Included are Ibn Warraq writing about Edward Said and the "intellectual turbans" he has placed on today's academic establishment, forestalling honest discussion about Islamic tolerance; Bat Ye'or on the devastating effects of the dhimma, the system that actually defines the relationship between Muslims and non-Muslims in Islamic states; Walid Phares on the little-noted oppression of Middle Eastern Christians; and much more--including a devastating series of articles by UN expert David G. Littman on the advancement of Islamic intolerance at the United Nations and other provocative topics usually ignored by Muslim apologists.
This hard-hitting and absorbing assessment of Islamic teachings and practices regarding non-Muslim minorities uncovers a significant human rights scandal that rarely receives any mention either in academic circles or in the mainstream press.
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He used fact and history. Because he is telling the truth, openly and clearly, he upset some people.
If you buy this book you should know that it contains (1) 269 pages (19 articles) by Bat Ye'or and (2) 121 pages comprised of articles, papers, appeals, and numerous oral and written statements all directly related to the UN Commission on Human Rights. These two sections together take up almost half the book. Although loaded with pertinent information the Bat Ye'or material is repetitious and the UN hodge-podge is boring.
Bat Ye'or concentrates on the condition of dhimmitude (subordination) that passed for "tolerance" in historical writing about Islam for many years. She vividly portrays this "second class citizenship" imposed by Muslim rulers over Jews and Christians as being little more than outright slavery.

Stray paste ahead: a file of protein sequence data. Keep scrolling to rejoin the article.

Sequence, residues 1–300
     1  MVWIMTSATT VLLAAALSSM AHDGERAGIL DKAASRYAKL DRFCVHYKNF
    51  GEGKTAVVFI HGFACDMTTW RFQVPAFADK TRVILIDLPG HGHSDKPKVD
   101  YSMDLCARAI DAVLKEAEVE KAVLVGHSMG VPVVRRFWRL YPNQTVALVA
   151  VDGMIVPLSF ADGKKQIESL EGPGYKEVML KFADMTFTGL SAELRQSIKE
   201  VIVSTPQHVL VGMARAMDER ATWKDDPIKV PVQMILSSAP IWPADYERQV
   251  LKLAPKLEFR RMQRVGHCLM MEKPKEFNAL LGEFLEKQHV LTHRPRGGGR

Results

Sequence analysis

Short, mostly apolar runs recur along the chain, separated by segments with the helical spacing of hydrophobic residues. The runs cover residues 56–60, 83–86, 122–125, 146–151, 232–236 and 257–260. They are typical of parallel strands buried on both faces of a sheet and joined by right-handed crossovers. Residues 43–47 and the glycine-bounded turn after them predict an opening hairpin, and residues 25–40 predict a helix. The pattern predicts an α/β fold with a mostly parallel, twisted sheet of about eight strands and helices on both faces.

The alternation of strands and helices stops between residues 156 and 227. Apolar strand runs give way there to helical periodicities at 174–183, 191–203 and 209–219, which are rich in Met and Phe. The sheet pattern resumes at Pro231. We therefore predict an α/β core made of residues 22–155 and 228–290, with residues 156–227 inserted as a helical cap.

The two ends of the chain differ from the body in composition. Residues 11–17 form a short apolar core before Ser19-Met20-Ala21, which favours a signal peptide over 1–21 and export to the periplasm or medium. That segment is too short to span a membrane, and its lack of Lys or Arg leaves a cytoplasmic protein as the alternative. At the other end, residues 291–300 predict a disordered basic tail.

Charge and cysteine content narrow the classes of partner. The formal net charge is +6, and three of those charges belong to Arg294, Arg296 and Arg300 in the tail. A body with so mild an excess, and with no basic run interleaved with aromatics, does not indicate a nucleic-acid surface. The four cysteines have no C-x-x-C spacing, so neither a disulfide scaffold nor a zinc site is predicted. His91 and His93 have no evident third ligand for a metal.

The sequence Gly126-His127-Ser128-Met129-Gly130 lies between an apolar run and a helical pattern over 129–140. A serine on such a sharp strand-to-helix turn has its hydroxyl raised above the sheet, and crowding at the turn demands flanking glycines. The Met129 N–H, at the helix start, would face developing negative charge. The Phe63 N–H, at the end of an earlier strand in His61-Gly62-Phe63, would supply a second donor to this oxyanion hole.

However there is no logical linearity in Ms. Ye'or's thought. Generalizations, abstractions, statistics, people, places, events just come at the reader in a discontinuous barrage. At times the theoretical adequacy of her interpretive concepts seems questionable.
The 121 pages of UNCHR information is dull, loaded with NGO acronyms, and more work than it's worth, in my estimation. If Bat Ye'or's 269 pages had been edited to one 50 page article and the 121 pages of UNCHR information had been briefly summarized it would have been a better and more readable book.
The remaining articles range from good to outstanding. The final section, Part. 6, titled "The Myth in Contemporary Academic Discourse" is the highlight of the book. The articles by Robert Spencer, Ibn Warraq, Daniel Pipes, and Mark Durie are excellent. Warraq's rejoinder to Edward Said's "Orientalism" is especially good. Warraq has a new book titled "Defending the West: A Critique of Said's Orientalism" which is coming out in the summer of 2007. It can be pre-ordered on Amazon for those who might be interested.